Immigration attorney: Sea-Tac detainees initially denied lawyers
When Jorge L. Barón heard about President Donald Trump’s executive order on immigration on Friday, he knew he was in for a busy weekend.
Barón , executive director of the Northwest Immigrant Rights Project in Tacoma, admits now that he had no idea how busy.
“None of us have had much sleep,” said Barón, who spent all of Saturday night at Seattle-Tacoma International Airport trying to secure the release of recent detainees. “I think it is going to stay incredibly busy.”
On Friday, Trump issued an executive order on immigration that banned Syrian refugees from entering the United States for an undisclosed period of time; and it barred refugee entry for three months. Citizens of seven Muslim-majority countries — Iran, Iraq, Libya, Somalia, Sudan, Syria and Yemen – also can’t come to the U.S. for three months.
The announcement prompted a weekend of protests at Sea-Tac and other airports across the country while U.S. Customs officials struggled to figure how to apply the temporary ban. At Sea-Tac, up to a dozen people were detained under the new order — all with what has been legal paperwork a day earlier.
In Seattle, a legal team consisted of attorneys from Northwest Immigrant Rights, the American Civil Liberties Union, MacDonald Hogue & Bayless and the Pacifica Law Group jumped into the fray. They filed a writ of habeas corpus to get a federal judge to halt the deportations on Saturday.
When U.S. District Judge Thomas Zilly granted the order, the team of attorneys left for the airport to talk with customs officials. But by that point, several people had been refused entry and put back onto aircraft.
Barón and the legal team arrived at Sea-Tac at 1 p.m. Saturday — where they remained until 8:30 a.m. Sunday.
“We pulled an all-nighter,” Barón said.
There were two remaining people detained by U.S. Immigration but not deported because the federal court order. Immediately, the legal team ran into a problem: U.S. Customs didn’t want the detainees to have attorney access.
“That’s one of the things that’s been frustrating about this whole episode,” Barón said. “Customs and Border Protection generally has taken the position that for people who are in the situation of not being allowed into the country that they do not have the right to be in touch with an attorney.”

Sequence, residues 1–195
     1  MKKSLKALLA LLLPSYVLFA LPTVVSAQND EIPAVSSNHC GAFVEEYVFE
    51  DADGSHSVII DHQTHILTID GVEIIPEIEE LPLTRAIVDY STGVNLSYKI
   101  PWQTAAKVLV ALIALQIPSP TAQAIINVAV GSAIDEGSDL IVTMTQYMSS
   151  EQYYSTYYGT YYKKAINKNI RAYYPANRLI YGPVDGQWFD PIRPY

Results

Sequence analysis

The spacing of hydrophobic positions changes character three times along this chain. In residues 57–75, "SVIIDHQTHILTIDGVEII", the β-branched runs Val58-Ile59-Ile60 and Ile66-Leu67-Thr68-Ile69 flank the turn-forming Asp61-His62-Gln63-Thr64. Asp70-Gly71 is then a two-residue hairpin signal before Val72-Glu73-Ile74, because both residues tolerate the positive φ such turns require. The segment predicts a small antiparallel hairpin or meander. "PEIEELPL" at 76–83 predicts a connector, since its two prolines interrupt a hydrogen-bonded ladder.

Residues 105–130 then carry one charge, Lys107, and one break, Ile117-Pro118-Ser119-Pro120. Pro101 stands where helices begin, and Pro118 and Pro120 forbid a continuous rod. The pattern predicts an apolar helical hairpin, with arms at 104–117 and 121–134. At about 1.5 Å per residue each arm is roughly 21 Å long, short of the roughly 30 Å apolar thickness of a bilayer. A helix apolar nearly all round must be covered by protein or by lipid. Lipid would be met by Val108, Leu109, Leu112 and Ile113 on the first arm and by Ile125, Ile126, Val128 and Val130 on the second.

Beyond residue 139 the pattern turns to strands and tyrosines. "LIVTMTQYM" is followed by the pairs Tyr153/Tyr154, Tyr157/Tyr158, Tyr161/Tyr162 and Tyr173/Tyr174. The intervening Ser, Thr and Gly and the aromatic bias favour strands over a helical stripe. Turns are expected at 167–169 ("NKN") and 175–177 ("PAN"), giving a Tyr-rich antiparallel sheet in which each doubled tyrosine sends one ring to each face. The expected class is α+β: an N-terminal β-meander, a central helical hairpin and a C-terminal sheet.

He said his group pushed “for a few hours” to get into the detention room with the men. After lengthy negotiations, customs officials got clearance from administration officials in Washington D.C. to allowed one attorney — Barón — to speak to the two men.
He said the men were frantic.
“They were confused,” Barón said. “They were scared they were told they were going to be put in jail. They felt very frustrated and upset. They expressed to me, ‘Hey we did everything right.’”
Both men were coming to the U.S. on visitor visas. One is originally from Sudan but has lived for the past 20 years in the United Arab Emirates. He is an engineer, Barón said, and was coming to the area for a conference.
“He’s been travelling to the U.S. for many years and never had a problem,” Barón said. “The only problem is that he was born in Sudan.”
The other man is a citizen of Yemen but lives in Saudi Arabia. He was coming to visit extended family in the Seattle area. He too had traveled extensively in the U.S. over many years. “He never has any problems until (Saturday),” Barón said.
And given the length of their flights, the men departed with one U.S. immigration standard and arrived to a very different one.
“They did not have any idea what was happening on the outside. The executive order was issued while they were in the air, on the plane, and so they had no idea that this was all changed,” Barón said.
Early Sunday, the team of lawyers made a breakthrough.
“We were able to make arguments with the customs officials to see if they would allow them to enter the United States and be released from custody. They talked to Washington and we got what we wanted.”
The two men were released at 6:15 a.m. Sunday.
Barón credited U.S. Representatives Pramila Jayapal and Susan DelBene, Sen. Patty Murray, and Gov. Jay Inslee for helping to convince U.S. Customs officials to allow the detainees access to counsel.
But not every detainee could be helped.
Barón said that minutes before lawyers arrived, customs officials detained and deported a Somali man who is married to a U.S. citizen.
He had the correct paperwork and visa and was arriving in the states to start the required Green Card process as the new spouse of an American citizen, Barón said. Mid-flight, the new executive order prompted officials to send him back overseas and away from his Seattle family and new wife.
“He has been issued a visa by the embassy and by the state department and all of the paperwork was correct,” Barón said. “The only thing that created a problem was the executive order.”
Lost in the shuffle over the executive order, Barón said, are the existing 1,500 detainees who were being held at the Northwest Detention Center prior to last week. Most don’t have legal representation.
“That’s been kind of forgotten with the crisis here at the airport,” he said. “But that need continues to be there.”